Kasbah of Algiers
Since 1992 • Cultural
The Kasbah is a unique kind of medina, or Islamic city. It stands in one of the finest coastal sites on the Mediterranean, overlooking the islands where a Carthaginian trading-post was established in the 4th century BC. There are the remains of the citadel, old mosques and Ottoman-style palaces as well as the remains of a traditional urban structure associated with a deep-rooted sense of community.
The Kasbah of Algiers is a unique form of medina, or Islamic city. As such it is an outstanding example of a historic Maghreb city with specificities related to the natural site and history of the city, despite the destruction due to poor preservation of the ancient urban fabric. The Kasbah preserves very interesting traditional Arab Mediterranean houses in which the ancestral Arab lifestyle and Muslim customs have blended with other architectural traditions.
It stands in one of the finest coastal sites on the Mediterranean, overlooking the islands where a Carthaginian trading-post was established in the 4th century BC. The Kasbah contains the remains of the citadel, old mosques and Ottoman-style palaces as well as the vestiges of a traditional urban structure associated with a deep-rooted sense of community.
The history of Algiers is even more complex and turbulent than that of the entire country. Located on the seashore, the site was inhabited from at least the 6th century BC, when a Phoenician trading post was established. Carthaginians, various Berber tribes, Romans, Byzantines and Arabs (beginning in the 7th century) took turns coveting and ultimately taking the city. Spain's expansionist policy also embraced Algeria and took advantage of weakness among local powers due to rivalries between the smaller Maghreb states that emerged from the Berber invasions.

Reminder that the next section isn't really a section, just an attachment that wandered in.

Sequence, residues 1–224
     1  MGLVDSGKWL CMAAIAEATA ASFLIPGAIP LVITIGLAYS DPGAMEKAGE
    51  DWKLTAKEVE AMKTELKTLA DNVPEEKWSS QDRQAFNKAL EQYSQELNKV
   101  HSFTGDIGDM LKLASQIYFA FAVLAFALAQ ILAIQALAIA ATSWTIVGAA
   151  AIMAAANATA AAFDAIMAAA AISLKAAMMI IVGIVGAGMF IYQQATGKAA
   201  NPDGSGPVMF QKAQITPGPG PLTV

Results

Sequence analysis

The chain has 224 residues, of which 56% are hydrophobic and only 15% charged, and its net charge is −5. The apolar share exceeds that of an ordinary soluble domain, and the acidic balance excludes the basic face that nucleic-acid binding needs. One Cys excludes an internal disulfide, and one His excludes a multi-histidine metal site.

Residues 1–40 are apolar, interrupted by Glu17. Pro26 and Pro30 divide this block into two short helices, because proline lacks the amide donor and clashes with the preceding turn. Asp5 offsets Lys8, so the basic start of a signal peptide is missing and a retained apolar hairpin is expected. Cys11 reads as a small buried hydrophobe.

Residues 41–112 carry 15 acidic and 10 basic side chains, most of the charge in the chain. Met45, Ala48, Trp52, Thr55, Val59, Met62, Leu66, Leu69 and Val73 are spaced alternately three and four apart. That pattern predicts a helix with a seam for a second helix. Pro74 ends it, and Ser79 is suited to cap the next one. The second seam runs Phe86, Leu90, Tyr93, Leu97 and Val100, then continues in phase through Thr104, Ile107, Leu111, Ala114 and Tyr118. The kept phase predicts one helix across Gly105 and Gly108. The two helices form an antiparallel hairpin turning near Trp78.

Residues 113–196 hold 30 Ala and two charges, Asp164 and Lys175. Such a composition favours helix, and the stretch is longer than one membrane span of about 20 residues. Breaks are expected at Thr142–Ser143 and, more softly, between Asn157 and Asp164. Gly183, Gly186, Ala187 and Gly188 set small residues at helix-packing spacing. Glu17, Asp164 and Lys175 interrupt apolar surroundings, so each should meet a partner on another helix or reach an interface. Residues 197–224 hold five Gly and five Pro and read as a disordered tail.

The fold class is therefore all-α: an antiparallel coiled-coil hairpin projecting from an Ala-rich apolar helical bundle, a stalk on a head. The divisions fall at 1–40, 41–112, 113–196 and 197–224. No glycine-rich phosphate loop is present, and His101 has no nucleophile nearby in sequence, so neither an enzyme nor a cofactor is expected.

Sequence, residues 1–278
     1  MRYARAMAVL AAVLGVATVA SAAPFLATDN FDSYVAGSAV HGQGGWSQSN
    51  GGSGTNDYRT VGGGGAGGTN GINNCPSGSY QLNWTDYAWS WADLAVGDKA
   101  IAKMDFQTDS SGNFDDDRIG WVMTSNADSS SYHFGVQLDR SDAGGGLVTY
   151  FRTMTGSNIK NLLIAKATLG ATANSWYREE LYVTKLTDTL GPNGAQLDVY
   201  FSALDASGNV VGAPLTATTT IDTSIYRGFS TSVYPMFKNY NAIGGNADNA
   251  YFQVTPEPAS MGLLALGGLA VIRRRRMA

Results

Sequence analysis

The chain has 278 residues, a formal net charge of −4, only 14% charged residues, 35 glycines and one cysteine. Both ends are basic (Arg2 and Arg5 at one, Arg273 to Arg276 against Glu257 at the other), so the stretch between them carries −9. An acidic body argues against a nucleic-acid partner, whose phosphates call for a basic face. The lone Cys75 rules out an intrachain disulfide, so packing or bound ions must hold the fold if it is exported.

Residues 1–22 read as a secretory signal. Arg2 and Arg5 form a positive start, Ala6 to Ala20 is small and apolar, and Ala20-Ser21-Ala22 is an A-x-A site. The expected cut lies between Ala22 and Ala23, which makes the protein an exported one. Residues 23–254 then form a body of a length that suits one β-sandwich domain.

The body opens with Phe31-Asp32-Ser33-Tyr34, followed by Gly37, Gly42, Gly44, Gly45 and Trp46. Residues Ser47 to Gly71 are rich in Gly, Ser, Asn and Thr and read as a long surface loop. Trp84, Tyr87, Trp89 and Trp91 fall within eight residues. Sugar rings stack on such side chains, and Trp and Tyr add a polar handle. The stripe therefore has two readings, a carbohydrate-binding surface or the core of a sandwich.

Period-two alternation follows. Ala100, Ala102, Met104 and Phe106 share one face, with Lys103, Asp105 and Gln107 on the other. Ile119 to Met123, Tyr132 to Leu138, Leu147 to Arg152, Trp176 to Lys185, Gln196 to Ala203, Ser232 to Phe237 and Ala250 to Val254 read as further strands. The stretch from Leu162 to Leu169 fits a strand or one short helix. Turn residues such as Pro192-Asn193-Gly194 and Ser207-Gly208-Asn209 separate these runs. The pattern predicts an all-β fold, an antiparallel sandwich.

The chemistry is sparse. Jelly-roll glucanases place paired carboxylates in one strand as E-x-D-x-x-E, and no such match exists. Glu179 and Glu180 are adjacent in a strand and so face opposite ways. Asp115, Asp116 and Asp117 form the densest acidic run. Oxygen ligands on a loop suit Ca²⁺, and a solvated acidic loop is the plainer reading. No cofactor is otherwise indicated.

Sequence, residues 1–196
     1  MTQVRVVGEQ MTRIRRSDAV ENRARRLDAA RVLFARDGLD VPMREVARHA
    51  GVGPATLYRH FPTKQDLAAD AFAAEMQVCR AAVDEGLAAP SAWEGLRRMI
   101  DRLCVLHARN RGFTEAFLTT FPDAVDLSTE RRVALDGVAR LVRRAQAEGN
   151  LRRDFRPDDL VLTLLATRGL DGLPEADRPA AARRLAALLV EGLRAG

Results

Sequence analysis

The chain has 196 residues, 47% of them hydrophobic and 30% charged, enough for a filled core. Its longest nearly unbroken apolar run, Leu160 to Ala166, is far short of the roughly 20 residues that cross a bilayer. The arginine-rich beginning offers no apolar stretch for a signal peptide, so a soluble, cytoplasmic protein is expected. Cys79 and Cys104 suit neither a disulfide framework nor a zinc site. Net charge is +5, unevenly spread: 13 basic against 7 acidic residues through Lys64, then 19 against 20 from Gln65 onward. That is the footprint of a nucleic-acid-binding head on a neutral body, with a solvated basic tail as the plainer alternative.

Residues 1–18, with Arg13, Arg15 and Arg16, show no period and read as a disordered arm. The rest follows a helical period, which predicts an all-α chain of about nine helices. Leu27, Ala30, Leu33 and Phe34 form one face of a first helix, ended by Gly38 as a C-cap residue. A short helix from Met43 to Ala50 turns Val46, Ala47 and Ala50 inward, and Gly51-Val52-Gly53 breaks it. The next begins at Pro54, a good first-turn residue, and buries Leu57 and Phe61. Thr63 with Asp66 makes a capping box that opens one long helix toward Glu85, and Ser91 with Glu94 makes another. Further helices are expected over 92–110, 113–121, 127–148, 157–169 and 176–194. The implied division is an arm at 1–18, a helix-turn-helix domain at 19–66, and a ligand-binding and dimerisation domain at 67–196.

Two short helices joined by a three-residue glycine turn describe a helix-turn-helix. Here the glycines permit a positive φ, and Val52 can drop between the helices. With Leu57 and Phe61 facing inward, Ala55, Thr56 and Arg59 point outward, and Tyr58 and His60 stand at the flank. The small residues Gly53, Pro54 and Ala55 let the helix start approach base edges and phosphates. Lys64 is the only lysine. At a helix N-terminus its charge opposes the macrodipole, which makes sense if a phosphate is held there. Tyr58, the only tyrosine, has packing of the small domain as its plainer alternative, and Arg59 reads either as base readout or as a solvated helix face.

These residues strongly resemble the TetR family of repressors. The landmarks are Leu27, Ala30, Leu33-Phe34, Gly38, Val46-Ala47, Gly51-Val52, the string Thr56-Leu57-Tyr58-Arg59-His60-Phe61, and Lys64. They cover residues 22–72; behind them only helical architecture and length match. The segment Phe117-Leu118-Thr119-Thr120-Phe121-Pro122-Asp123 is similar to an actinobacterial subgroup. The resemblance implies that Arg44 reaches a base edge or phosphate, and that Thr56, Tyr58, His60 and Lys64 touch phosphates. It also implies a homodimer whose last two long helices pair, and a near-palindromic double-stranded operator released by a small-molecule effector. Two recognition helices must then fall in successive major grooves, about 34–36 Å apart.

A Turk corsair, Khair-al-Din founded his capital in Algiers (1516) and made a large part of the modern Algerian coast dependent on the Ottoman Sultan. The central power at Istanbul intervened relatively little in administration of the region, and the Bey ruled as master in his city where military might and trade joined forces to produce great economic prosperity.
The construction of the city began in 1516 and continued until the 17th century. Although the administrative and military organization implied the presence of many Turks, Algiers was not an Ottoman city. The city combined the science of Turkish military architecture with Arab-Mediterranean architectural tradition. The flourishing state of trade is expressed in the extreme richness of the interior decoration of houses in Algiers. The unique natural site is the reason for the winding streets, veritable meanders that are characteristic of the ancient city.
European misunderstanding of the Arab lifestyle on the one hand, and, on the other hand, settlers' desire for their own customs and architectural and urban aesthetics combined to produce severe destruction. Fortunately, part of the city was saved. In the 1920s, real interest was expressed in safeguarding the ancient city. However, the Algerian authorities ordered the first studies for safeguarding the Algiers Kasbah only in the early 1970s. At that time it was classified as a historic site and a vast restoration and upgrading plan was adopted for the ancient city. A very intelligent redevelopment plan is under way for the Kasbah, to introduce modern comfort without upsetting the traditional urbanism and architecture and to restore the Kasbah's original functions: residential, commercial and cultural quarters.
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Within UNESCO's broad remit, this specialised agency of the UN works towards international cooperation agreements to secure the world's cultural and natural heritage, designating venues of exceptional value as World Heritage Sites.